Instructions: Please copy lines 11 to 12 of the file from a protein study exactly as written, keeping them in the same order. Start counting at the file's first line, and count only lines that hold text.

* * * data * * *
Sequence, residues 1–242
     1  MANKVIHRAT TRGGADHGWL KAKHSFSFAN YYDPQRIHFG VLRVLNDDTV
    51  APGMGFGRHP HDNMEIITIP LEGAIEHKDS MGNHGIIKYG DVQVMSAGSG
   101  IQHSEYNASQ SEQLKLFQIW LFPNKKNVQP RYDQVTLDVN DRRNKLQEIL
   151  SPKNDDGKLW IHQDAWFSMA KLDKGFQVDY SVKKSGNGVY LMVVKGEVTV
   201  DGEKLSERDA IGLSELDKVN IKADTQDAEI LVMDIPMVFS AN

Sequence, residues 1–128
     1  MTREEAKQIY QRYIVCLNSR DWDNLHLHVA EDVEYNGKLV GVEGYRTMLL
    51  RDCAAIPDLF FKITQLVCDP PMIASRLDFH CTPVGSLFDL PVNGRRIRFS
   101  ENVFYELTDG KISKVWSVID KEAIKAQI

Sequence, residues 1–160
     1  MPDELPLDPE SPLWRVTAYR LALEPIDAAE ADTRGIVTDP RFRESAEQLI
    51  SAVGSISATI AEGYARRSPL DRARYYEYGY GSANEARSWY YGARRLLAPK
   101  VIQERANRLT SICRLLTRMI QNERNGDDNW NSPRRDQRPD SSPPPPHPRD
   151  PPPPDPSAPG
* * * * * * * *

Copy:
Sequence, residues 1–160
     1  MPDELPLDPE SPLWRVTAYR LALEPIDAAE ADTRGIVTDP RFRESAEQLI